the first african in space
the crew
prev prev next


The cardiovascular system seems to adapt well to microgravity but is significantly compromised on re-establishment of gravitational forces, resulting in orthostatic intolerance and a reduction in work capacity. Many of the physiological consequences of weightlessness and the cardiovascular abnormalities on return from space could be due, at least in part, to alterations in the regulation of the autonomic nervous system. Changes in, relative contributions to and adaptations of the autonomic nervous system can be monitored by recording heart rate variability, which has been shown to be a reliable and non-invasive probe for the identification of autonomic control mechanisms. Previous studies investigating the effects of microgravity on the autonomic system have revealed conflicting results and have been unable to conclude whether autonomic control differs between a 1-G and a 0-G environment.

To our knowledge, the literature provides no reports of a closely monitored and regulated exercise regimen during space flight, and tends to focus more on pre- and post-flight measurements. There is a substantial amount of evidence to suggest that post-flight loading of the lower limbs results in eccentric-like ultra structural muscle damage. It has thus been suggested that by performing unaccustomed eccentric exercise during the pre-flight phase, the muscle weakness, stiffness and delayed onset muscle soreness that accompanies this post-flight muscle damage may be attenuated. Because humans tend to predominantly use their upper limbs for stability, it would be logical to focus this exercise training on the lower limbs. It is also possible that by participating in regular in-flight strength and endurance training, lower limb vasoconstrictor properties will be maintained and will therefore aid in preventing post-flight orthostatic intolerance to a certain degree.

To date, studies investigating the impact of micro-gravity on total daily energy expenditure have used the doubly labeled water method, a costly, invasive technique, which requires astronauts to diligently take daily urine and saliva samples for analysis. A far more cost-effective and less invasive technique is that of heart rate monitoring. This is applicable for the South African population as it provides an accurate means of measuring total energy expenditure in large sample groups whilst still being a cost effective modality. Should this technique prove to be accurate in a microgravity environment where there are known and reported cardiovascular changes, the validity of this technique will be strengthened in South Africa.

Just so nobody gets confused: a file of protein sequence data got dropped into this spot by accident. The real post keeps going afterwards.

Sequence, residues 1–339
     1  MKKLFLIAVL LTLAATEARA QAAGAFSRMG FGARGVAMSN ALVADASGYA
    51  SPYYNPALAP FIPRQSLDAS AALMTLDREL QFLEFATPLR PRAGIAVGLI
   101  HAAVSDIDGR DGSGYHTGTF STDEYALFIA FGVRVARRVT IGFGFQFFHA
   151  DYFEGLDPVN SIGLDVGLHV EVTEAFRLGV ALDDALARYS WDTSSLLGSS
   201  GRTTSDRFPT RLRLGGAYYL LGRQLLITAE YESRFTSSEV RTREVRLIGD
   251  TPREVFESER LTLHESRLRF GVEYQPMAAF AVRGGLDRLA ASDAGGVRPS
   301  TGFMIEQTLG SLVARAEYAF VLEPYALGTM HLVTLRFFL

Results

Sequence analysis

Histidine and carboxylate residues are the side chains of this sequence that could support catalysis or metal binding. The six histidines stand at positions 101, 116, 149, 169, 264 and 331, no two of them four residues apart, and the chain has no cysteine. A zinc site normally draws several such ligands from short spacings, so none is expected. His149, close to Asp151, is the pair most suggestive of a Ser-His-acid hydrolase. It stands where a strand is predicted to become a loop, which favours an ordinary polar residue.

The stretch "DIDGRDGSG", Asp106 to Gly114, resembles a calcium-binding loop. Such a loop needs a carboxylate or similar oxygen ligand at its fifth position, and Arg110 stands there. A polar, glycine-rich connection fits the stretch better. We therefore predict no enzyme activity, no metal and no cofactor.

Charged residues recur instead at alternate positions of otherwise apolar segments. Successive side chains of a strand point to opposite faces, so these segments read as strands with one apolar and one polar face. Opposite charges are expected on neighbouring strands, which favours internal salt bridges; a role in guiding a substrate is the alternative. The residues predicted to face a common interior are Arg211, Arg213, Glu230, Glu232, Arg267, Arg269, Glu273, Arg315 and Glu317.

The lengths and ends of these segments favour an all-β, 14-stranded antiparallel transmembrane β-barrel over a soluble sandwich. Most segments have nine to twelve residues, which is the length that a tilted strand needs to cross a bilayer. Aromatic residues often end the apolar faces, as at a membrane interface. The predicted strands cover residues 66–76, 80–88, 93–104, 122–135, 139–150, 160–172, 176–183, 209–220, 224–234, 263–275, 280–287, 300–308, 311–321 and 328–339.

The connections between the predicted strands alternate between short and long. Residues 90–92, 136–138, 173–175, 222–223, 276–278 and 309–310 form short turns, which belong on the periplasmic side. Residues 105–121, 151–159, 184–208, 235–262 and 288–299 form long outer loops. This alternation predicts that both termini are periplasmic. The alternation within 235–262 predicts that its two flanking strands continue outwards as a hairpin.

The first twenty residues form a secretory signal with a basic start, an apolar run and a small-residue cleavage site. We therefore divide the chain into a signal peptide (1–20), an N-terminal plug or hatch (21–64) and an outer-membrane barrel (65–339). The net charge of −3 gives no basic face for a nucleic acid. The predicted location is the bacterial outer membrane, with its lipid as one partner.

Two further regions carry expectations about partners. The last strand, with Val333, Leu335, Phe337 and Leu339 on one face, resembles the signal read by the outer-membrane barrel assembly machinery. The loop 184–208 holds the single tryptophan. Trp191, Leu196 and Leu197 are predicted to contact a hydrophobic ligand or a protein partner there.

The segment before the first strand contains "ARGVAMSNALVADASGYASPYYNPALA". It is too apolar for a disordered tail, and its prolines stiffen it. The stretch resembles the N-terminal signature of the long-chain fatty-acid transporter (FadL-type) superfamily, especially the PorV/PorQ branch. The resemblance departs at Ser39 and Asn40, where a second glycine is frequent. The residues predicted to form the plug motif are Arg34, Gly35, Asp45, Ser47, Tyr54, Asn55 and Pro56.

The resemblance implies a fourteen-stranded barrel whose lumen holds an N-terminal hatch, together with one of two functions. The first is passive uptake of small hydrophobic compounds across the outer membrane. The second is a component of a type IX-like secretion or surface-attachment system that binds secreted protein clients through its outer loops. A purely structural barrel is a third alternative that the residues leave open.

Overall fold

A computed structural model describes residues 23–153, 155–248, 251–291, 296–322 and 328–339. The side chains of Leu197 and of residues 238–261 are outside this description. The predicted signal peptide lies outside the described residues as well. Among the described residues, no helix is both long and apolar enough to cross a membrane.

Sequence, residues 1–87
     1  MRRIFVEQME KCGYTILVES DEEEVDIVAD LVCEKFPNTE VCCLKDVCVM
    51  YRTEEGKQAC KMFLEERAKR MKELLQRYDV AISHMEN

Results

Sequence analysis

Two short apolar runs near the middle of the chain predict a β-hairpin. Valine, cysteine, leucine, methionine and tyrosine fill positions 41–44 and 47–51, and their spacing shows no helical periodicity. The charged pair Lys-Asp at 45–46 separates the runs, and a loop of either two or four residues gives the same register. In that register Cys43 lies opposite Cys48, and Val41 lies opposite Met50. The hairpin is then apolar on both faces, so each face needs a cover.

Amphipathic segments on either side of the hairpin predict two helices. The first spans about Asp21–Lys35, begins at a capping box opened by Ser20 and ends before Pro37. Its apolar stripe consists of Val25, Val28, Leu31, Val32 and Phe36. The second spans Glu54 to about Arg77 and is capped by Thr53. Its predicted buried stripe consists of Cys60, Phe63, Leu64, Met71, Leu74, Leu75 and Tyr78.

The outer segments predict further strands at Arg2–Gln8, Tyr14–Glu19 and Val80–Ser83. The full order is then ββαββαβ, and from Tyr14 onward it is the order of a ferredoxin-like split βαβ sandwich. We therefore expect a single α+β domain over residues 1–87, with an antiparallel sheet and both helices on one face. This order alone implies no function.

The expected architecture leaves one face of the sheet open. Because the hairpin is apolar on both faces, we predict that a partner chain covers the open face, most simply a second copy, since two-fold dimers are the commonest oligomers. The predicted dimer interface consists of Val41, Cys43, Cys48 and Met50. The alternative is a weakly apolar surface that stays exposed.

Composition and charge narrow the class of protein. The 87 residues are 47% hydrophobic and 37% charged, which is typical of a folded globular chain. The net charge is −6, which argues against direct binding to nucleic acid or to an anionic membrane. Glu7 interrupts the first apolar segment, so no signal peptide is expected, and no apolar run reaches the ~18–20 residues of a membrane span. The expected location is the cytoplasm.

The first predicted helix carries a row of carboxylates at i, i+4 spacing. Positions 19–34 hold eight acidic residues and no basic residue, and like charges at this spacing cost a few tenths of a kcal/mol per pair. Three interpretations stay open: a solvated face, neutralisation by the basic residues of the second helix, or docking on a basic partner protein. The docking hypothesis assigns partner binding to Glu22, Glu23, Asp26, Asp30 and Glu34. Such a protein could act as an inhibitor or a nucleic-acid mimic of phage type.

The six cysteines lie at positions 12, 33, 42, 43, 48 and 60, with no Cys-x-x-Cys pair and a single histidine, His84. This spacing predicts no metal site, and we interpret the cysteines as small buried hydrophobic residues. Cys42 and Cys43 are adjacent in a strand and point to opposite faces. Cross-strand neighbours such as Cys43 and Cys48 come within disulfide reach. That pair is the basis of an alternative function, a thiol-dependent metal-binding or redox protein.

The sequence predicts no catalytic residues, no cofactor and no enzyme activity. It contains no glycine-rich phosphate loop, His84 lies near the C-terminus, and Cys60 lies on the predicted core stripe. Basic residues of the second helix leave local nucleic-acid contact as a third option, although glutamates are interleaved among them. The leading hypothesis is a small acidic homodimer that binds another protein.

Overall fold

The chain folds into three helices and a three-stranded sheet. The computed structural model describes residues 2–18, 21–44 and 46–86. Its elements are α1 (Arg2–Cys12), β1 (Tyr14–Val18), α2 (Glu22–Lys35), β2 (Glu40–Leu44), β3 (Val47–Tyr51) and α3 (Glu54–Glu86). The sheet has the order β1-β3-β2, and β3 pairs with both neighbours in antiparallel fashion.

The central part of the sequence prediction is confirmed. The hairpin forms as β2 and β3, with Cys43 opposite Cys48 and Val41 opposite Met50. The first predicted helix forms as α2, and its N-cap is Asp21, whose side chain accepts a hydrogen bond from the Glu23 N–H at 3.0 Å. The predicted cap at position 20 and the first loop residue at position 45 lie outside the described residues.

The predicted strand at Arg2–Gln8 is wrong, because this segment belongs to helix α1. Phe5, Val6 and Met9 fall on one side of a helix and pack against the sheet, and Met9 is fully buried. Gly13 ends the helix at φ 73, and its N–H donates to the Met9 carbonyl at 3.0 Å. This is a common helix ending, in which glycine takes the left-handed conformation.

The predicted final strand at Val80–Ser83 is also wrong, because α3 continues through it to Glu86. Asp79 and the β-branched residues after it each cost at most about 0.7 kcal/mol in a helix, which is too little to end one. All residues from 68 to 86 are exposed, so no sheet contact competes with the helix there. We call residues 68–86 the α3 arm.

A large proportion of the laboratory measurements that have been conducted in space have not been reported in peer-reviewed journals and have thus been questioned in terms of scientific rigor (West, 2000). Similarly, a large amount of the microgravity literature has been predominantly descriptive in nature and limited in terms of physiological application to humans during and after space flight.

prev prev next
Landing Countdown to 05:51 05 May

Landing Complete!

The Team
Mark Shuttleworth
Dale Cupido
Karen Sharwood
Lara Keytel
Danie Barry
Freddy Khan
Vaughan Oosthuizen
Ravi Naidoo
Vuyo Dwane
Richard Mills
Nicolette Cronje
Wayne Derman
Peter Ribton
physiology research
see also
research team
Hot Links
Frequently Asked Questions
Contact Us
Gallery Highlights

Church of Jesus Christ

Zero-G Heart Rate Data

Next-generation Soyuz TMA Cockpit

Mig-25 Afterburners